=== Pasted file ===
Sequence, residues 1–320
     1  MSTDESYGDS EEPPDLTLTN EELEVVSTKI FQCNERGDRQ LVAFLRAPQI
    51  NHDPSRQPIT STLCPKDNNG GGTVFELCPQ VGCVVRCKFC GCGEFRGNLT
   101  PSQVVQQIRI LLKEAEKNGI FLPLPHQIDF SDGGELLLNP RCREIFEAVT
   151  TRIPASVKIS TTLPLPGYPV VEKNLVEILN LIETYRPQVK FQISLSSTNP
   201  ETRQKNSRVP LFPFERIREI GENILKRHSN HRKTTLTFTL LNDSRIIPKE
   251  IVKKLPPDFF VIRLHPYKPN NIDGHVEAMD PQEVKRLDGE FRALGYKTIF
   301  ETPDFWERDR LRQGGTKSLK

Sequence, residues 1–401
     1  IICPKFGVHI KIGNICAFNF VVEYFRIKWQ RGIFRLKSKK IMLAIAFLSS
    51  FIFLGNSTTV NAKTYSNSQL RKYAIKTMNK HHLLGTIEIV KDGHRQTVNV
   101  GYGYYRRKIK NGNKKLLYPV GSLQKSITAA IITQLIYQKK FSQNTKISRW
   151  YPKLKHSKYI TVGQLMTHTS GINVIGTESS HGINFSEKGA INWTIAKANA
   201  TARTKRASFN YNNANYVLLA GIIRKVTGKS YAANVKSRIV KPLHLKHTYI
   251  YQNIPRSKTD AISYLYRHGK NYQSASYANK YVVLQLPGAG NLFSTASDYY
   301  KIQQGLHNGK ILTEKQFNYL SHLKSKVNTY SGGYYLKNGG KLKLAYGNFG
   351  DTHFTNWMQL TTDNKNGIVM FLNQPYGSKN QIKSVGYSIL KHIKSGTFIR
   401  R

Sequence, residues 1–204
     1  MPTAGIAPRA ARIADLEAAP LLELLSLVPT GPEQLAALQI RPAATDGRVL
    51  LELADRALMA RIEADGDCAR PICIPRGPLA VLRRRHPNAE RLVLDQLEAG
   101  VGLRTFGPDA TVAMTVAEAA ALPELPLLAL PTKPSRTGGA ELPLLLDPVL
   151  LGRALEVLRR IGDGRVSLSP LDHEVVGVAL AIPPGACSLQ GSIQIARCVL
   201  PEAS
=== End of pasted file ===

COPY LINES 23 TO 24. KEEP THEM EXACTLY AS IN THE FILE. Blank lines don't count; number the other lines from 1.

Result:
   151  LGRALEVLRR IGDGRVSLSP LDHEVVGVAL AIPPGACSLQ GSIQIARCVL
   201  PEAS